As organizations seek ways to help their people develop their leadership competencies, they often discover that developing Emotional Intelligence skills provides a core of foundational skills that complements and supports other values-based programs. In today’s competitive business environment leadership is more important than ever. And organizations have embraced the approach of identifying and fostering leadership competencies as a means of gaining competitive advantage.
Leadership competencies are a way to behaviorally define actions that will produce desired organizational results. These behaviors must be both aligned with and designed to build the organization’s culture (Ulrich, Intagliata, and Smallwood, Human Resources Planning, Winter, 2000, Vol. 23.4, pp. 12-23). While leadership in today’s business world matters more than ever and more resources are allocated toward seeking ways to develop leadership competencies, the quality of leadership is still a concern.
When identifying leadership competencies, organizations typically identify a number of competencies as sets or clusters of behaviors that are important to effectively leading the business. With any developmental experience, the organization likes to see their leaders improve in as many competencies as possible. Emotional Intelligence skill-building offers significant leverage and value when building leadership competencies.
Emotional Intelligence has been defined in many ways. Our definition is simple. It is the ability to acquire and apply knowledge from your emotions and the emotions of others in order to make good decisions about what to say or do, or NOT say or do. There are a variety of EI models, each with a unique set of competencies. However, despite the variance, the competencies relate closely to leadership competencies. The model we use contains five Emotional Intelligence competencies: Emotional Self-Awareness, Emotional Self-Regulations, Emotional Self-Motivation, Empathy and Nurture Relationships. The first three are intra-personal (internal) and the last two are inter-personal (external or occurring between us and other people).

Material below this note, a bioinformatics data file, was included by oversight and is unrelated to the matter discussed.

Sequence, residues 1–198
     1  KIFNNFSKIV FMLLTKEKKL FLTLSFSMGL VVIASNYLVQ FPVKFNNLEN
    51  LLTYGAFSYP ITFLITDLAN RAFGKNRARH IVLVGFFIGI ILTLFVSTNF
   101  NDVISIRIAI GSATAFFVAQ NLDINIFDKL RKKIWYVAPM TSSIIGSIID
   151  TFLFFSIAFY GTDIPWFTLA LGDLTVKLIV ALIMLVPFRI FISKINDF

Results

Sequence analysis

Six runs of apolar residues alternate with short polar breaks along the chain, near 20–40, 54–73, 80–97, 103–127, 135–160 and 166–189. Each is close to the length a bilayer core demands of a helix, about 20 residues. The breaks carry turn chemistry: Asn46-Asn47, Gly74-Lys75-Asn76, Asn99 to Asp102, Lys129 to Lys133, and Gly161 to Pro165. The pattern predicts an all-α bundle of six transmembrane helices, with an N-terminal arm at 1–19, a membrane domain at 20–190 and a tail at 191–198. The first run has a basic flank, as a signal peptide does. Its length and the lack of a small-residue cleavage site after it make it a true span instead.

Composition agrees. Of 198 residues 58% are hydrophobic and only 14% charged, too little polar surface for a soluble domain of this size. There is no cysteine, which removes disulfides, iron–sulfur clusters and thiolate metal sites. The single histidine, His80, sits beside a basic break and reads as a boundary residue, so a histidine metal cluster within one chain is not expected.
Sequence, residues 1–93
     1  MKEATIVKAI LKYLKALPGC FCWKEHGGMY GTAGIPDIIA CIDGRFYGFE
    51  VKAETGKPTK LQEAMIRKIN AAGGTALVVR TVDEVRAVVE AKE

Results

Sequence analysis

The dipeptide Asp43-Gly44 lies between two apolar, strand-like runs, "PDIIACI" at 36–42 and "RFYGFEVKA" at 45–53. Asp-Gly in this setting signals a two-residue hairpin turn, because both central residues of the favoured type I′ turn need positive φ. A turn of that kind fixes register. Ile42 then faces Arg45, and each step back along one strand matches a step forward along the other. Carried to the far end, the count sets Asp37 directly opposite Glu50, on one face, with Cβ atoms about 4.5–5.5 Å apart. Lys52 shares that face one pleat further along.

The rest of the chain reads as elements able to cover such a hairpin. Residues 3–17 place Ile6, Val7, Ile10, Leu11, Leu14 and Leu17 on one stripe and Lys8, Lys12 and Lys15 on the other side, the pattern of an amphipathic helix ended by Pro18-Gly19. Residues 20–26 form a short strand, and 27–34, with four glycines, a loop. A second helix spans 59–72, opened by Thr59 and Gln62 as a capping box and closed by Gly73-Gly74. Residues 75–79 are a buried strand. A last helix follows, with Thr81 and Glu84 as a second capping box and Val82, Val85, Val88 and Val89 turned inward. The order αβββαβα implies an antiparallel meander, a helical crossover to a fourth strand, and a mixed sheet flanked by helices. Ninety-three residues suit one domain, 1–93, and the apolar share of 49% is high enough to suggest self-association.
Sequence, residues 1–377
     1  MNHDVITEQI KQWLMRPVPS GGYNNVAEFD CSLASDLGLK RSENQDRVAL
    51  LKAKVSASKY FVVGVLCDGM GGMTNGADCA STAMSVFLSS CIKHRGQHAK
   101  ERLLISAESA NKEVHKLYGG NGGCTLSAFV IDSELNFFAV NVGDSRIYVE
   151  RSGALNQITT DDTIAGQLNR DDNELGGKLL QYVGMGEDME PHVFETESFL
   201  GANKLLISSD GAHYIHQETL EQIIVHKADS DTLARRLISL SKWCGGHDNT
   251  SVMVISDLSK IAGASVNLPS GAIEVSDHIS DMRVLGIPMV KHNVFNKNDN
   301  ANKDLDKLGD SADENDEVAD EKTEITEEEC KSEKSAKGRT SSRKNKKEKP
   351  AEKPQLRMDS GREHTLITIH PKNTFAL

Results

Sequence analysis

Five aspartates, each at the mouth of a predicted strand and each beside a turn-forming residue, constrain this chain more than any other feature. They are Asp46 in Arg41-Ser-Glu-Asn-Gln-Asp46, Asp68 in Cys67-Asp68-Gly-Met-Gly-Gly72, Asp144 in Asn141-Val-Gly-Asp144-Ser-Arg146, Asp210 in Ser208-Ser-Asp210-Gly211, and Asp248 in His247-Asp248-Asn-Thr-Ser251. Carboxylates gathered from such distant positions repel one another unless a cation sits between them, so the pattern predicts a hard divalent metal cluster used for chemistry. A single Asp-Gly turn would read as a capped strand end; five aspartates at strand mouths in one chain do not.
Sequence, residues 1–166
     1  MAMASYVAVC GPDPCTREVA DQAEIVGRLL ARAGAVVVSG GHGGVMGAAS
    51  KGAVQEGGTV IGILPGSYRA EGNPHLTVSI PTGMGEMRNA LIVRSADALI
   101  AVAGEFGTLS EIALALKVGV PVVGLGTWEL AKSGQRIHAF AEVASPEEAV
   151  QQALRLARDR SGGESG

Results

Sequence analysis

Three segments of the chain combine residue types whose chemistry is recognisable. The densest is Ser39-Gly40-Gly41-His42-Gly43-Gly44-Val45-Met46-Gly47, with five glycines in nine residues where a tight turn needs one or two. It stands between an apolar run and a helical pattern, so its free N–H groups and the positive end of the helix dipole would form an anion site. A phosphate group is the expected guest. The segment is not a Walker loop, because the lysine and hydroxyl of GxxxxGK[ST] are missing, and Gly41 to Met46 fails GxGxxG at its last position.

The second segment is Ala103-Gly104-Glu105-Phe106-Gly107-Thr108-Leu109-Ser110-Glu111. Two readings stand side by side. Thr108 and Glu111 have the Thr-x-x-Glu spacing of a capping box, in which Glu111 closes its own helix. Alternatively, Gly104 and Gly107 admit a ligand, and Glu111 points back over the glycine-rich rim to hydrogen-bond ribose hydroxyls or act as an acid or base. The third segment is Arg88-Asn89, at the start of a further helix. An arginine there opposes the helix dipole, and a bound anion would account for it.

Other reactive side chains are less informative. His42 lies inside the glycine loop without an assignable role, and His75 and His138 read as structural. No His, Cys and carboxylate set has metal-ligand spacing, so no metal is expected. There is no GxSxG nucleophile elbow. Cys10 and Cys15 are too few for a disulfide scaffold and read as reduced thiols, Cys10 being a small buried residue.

By determining how negative emotions might hamper or interfere with the desired behaviors underlying a leadership competency, we can begin to recognize the critical importance of Emotional Intelligence in supporting and reinforcing desired behavior. Let’s look at the leadership competency Relating Skills. The behaviors underlying this competency might include demonstrating approachability, ability to successfully interact with all kinds of people, builds rapport, and uses diplomacy and tact. Obviously negative emotions would interfere with relating skills. Leaders would need to manage their own emotions in a variety of situations (Emotional Self-Awareness and Self-Regulation). They would need to recognize emotions in others, demonstrating empathy and nurturing relationships.
It’s easy to see how all EI competencies are key to ensuring the desired behaviors. Not being aware of one’s emotions or not being able to manage them would hamper performance as would not being motivated, empathetic or able to nurture relationships. The development of most leadership competencies can be supported by enhanced EI skill. Even when we consider technical leadership competencies, not having some level of EI skill can hamper performance.
As participants of EI skill-building programs enhance their EI skills, they also enhance their leadership competencies. This benefit provides significant leverage to organizational efforts aimed at growing leaders. To verify value for your organization, be sure to implement a method of measuring program results. Focus on obtaining information indicating use of techniques on the job and return on investment.
Byron Stock, a former engineer and director of corporate education, guides individuals and organizations toward excellence by helping them develop their Emotional Intelligence skills as a powerful tool to lead change, achieve strategic objectives and create resilient, high performing organizations. Byron offers emotional intelligence training, speaking, coaching and testing services that target today’s issues. Visit ByronStock.com for a free excerpt of his book, Smart Emotions for Busy Business People.